A version of this post is also available at KQED's Mindshift

Barnes & Noble has released a new Nook Color app this week to support its kids' community Tikatok. The app lets kids create and publish their own e-books on the Nook Color.

Google announced the winners of its first global Science Fair this week, selecting the winning entries from submissions from over 10,000 student projects from over 90 countries. As Google itself noted, the final decision was all about "girl power" as the award in each of the three age categories was given to a young woman: Lauren Hodge (age 13-14) who studied the effect of different marinades on the level of potentially harmful carcinogens in grilled chicken; Naomi Shah (age 15-16) who endeavored to prove that making changes to indoor environments that improve indoor air quality can reduce people's reliance on asthma medications; and Shree Bose (17-18): Bose discovered a way to improve ovarian cancer treatment for patients when they have built up a resistance to certain chemotherapy drugs. Here's my write-up on RWW about the contest and winners.

The finals of the 2011 Imagine Cup, Microsoft's student technology competition, were held in New York this week. The winning team in the Software Design category came from Ireland. That team, Team Hermes, has built a device for cars to help promote safer driving and reduce road accidents and deaths. For a full list of stories I wrote while at the event, see this post.

The learning management system Blackboard held its annual conference this week, and several major announcements were made there. Blackboard announced a new version of its Collaborate software, its audio- and videoconference package. The open source video platform Kaltura announced further integration with Blackboard. And four major textbook publishers -- Cengage, Macmillan, Pearson, and John Wiley & Sons -- announced deep integration with their e-textbook platforms and Blackboard's LMS. This all follows the announcement last week that Blackboard has been acquired by Providence Equity. For a good take on the developments with Blackboard, check out this post by George Siemens.

The social network Ning has partnered with Aviary to bring the latter's high res photo editor to Ning users.

Khan Academy's John Resig gave folks a sneak peek at the soon-to-be released iPad app, which he says will include video navigation and viewing, interactive transcripts and offline support. Support for other mobile devices is coming soon, says Resig. The source code for the project is available on GitHub.

Teens in Tech has announced its first batch of tech incubator companies: six new startups all run by teenagers. Teens in Tech helps support young entrepreneurs, age 13 to 18.

Professional social networking site LinkedIn has rolled out improved student profiles, designed to let college students highlight their accomplishments: courses, honors and awards, projects, and of course grades.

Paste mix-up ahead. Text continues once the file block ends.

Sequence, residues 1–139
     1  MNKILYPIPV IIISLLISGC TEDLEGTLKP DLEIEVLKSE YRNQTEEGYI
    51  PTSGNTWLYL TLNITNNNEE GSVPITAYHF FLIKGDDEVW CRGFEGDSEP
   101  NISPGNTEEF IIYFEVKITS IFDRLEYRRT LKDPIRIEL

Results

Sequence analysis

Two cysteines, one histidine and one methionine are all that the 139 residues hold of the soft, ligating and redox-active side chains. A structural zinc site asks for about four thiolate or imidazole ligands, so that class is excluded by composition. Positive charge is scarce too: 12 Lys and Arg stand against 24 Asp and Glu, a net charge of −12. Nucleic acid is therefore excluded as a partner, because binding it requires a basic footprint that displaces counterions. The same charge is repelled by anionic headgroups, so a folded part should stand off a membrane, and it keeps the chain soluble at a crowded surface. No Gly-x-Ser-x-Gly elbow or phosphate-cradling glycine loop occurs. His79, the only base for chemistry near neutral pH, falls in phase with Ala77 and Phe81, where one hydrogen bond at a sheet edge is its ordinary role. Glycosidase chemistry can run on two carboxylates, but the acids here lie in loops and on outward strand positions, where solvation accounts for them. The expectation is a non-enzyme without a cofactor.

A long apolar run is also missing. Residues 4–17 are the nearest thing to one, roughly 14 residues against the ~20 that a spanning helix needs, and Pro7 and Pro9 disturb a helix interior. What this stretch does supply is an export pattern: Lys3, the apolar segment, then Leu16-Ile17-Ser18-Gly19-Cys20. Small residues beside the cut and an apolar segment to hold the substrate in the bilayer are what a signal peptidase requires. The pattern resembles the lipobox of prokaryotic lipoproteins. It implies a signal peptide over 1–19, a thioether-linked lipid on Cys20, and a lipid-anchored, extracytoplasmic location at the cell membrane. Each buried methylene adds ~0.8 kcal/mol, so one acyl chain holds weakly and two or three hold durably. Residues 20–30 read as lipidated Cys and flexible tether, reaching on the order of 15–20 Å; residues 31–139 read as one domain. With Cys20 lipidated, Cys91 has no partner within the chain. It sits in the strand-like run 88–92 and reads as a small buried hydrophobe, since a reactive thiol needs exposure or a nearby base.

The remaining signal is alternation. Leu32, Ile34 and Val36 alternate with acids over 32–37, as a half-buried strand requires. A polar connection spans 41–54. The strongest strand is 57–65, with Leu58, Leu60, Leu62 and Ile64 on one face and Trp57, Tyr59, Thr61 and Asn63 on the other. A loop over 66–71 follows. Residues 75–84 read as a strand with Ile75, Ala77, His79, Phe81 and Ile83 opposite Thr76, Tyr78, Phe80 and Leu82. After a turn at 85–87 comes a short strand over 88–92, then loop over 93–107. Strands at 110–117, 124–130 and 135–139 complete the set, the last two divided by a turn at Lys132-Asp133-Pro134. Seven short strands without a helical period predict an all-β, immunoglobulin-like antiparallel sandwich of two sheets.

Speaking of grades, apparently more and more college students are excellent. That's the finding of Stuart Rojstaczer who has studied grade inflation at American colleges. He's published his study in the Teachers College Record (you can read the details here), finding that 43% of grades given are As, making "excellent" the most common grade given in college.

ShowMe, the interactive whiteboard-lesson-creation-and-sharing app for iPad, has launched a contest: InspireMe. Create a lesson, share it on the startup's Facebook page, and enter for a chance to win an iPad 2.

Lots of scrutiny this week about News Corp's telephone hacking. Less scrutiny, it seems about News Corp's education plans. The Huffington Post reports that the New York City Comptroller's office has approved a $2.7 million consulting contract for News Corp's Wireless Generation. Former NYC schools chancellor Joel Klein now works for News Corp. News Corp insists that Wireless Generation is a separate company and that Klein wields no influence over the city's contract decisions. The company also says no one should be concerned about any privacy issues. Bwa-ha-ha-ha-ha-ha-ha!

More and more educators are recognizing the value and importance of the collaborative encyclopedia Wikipedia -- using it in their classes and contributing to its pages. The Wikimedia Foundation, the non-profit behind Wikipedia, announced this week the Wikimedia Research Index, which will help centralize the documents on various research projects, both inside and outside the foundation.

How does the Internet impact our memory? According to a paper being published in Science Express, researchers contend that having a vast amount of information at our fingertips -- Google-able, if you will, means we're actually remembering less. Instead, we're coming to rely on always having some sort of computerized system to help us find information, rather than actually committing it to memory. "The Internet has become a primary form of external or transactive memory, where information is stored collectively outside ourselves." Socrates would love this study, as he argued writing destroys memory.

Audrey Watters


Hack Education

The History of the Future of Education Technology

Back to Archives